Archive for the ‘e-Portfolio (Technology)’ Category
The Making Assessment Count (MAC) project ran from November 2008 to October 2010, funded by JISC as part of their Transforming Curriculum Delivery through Technology programme and led by the University of Westminster. Focused on the desire to engage students with assessment feedback provided to them, it explored processes for encouraging and guiding student reflection on feedback and developing a dialogue between learners and teachers around feedback. Participants at a joint Making Assessment Count/JISC CETIS event on Assessment and Feedback back in February 2011 heard not only from project staff but also from students who were actively using the system and whose enthusiasm for it and recognition of its impact on their development as learners was genuinely inspiring.
Although the project team developed the eReflect tool to support the Making Assessment Count process, the primary driver of the project was the conceptual model underlying the tool and the development of eReflect was a pragmatic decision based on the lack of suitable alternative technologies. The team also contributed a service usage model (SUM) on their feedback process to the eFramework.
The Making Assessment Count Evaluation (MACE) project will see the Westminster team overseeing the implementation of the MAC model in an number of partner institutions, and will see the eReflect tool in use in the Universities of Bedfordshire and Greenwich, and Cardiff Metropolitan University (formerly the University of Wales Institute Cardiff). By contrast, City University London and the University of Reading will be focusing on implementing the MAC model within Moodle (City) and BlackBoard (Reading), and exploring how the components already provided within those VLEs can be used to support this very different process and workflow.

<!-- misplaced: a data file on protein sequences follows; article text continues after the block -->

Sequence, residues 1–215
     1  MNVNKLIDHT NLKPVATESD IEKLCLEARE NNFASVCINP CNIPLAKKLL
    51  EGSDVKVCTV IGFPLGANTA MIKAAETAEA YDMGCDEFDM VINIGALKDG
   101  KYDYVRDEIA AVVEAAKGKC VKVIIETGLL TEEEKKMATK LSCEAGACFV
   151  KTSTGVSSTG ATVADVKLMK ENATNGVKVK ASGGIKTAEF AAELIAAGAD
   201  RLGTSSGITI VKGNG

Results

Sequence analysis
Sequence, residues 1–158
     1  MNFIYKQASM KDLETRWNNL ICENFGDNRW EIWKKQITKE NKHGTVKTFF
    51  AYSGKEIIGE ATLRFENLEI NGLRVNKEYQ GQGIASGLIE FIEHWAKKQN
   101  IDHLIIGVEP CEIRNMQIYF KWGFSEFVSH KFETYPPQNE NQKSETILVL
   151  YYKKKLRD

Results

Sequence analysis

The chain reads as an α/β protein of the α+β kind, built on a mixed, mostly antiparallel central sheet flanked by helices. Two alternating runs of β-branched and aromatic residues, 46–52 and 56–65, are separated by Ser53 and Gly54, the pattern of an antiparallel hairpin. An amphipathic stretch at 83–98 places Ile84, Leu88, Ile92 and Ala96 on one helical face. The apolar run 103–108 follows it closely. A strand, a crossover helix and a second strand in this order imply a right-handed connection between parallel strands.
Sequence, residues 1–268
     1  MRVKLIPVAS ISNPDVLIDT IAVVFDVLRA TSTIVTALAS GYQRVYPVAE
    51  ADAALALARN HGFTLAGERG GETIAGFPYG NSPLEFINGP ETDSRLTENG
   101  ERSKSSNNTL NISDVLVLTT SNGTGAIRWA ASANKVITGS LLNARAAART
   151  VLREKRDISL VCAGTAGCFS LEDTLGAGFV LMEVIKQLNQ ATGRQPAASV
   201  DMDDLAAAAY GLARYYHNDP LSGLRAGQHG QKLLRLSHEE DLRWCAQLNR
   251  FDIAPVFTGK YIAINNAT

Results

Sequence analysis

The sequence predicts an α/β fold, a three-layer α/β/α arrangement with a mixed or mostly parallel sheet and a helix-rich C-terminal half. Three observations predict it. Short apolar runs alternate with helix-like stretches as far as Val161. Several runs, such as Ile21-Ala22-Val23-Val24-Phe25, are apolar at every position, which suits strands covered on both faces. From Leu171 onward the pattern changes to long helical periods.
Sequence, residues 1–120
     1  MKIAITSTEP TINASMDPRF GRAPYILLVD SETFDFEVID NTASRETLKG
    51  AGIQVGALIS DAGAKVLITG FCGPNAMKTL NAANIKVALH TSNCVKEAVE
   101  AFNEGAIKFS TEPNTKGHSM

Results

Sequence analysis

It is perhaps the experiences of City and Reading that will be of most interest. It’s becoming increasingly evident that there are very strong drivers for the use of existing technologies, particularly extensive systems such as VLEs, for new activities: there is already clear institutional buy-in and commitment to these technologies, institutional processes will (or at least, should!) have been adapted to reflect their integration in teaching practice, and embedding innovative practice within these technologies increases the sustainability of them beyond a limited funding or honeymoon period. The challenges around getting MAC into Moodle and BlackBoard are those that led to the need for the eReflect tool in the first place: traditional assessment and survey technology simply isn’t designed to accommodate the process of dialogue and the engagement of a student with feedback provided that the MAC process drives. Of course, Moodle and BlackBoard, representing community-driven open source software and proprietary commercial systems respectively, present very different factors in integrating new processes, and the project teams’ experiences and findings should be of great interest for future developers more generally.